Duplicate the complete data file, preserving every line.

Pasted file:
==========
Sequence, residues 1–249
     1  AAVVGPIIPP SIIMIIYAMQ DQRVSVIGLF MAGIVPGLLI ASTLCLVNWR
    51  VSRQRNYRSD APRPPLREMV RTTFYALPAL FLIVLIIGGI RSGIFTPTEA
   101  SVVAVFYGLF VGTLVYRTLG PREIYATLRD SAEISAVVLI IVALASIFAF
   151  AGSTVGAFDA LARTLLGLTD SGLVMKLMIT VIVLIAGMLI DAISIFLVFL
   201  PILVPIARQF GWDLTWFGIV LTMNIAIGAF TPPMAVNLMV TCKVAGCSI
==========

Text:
Sequence, residues 1–249
     1  AAVVGPIIPP SIIMIIYAMQ DQRVSVIGLF MAGIVPGLLI ASTLCLVNWR
    51  VSRQRNYRSD APRPPLREMV RTTFYALPAL FLIVLIIGGI RSGIFTPTEA
   101  SVVAVFYGLF VGTLVYRTLG PREIYATLRD SAEISAVVLI IVALASIFAF
   151  AGSTVGAFDA LARTLLGLTD SGLVMKLMIT VIVLIAGMLI DAISIFLVFL
   201  PILVPIARQF GWDLTWFGIV LTMNIAIGAF TPPMAVNLMV TCKVAGCSI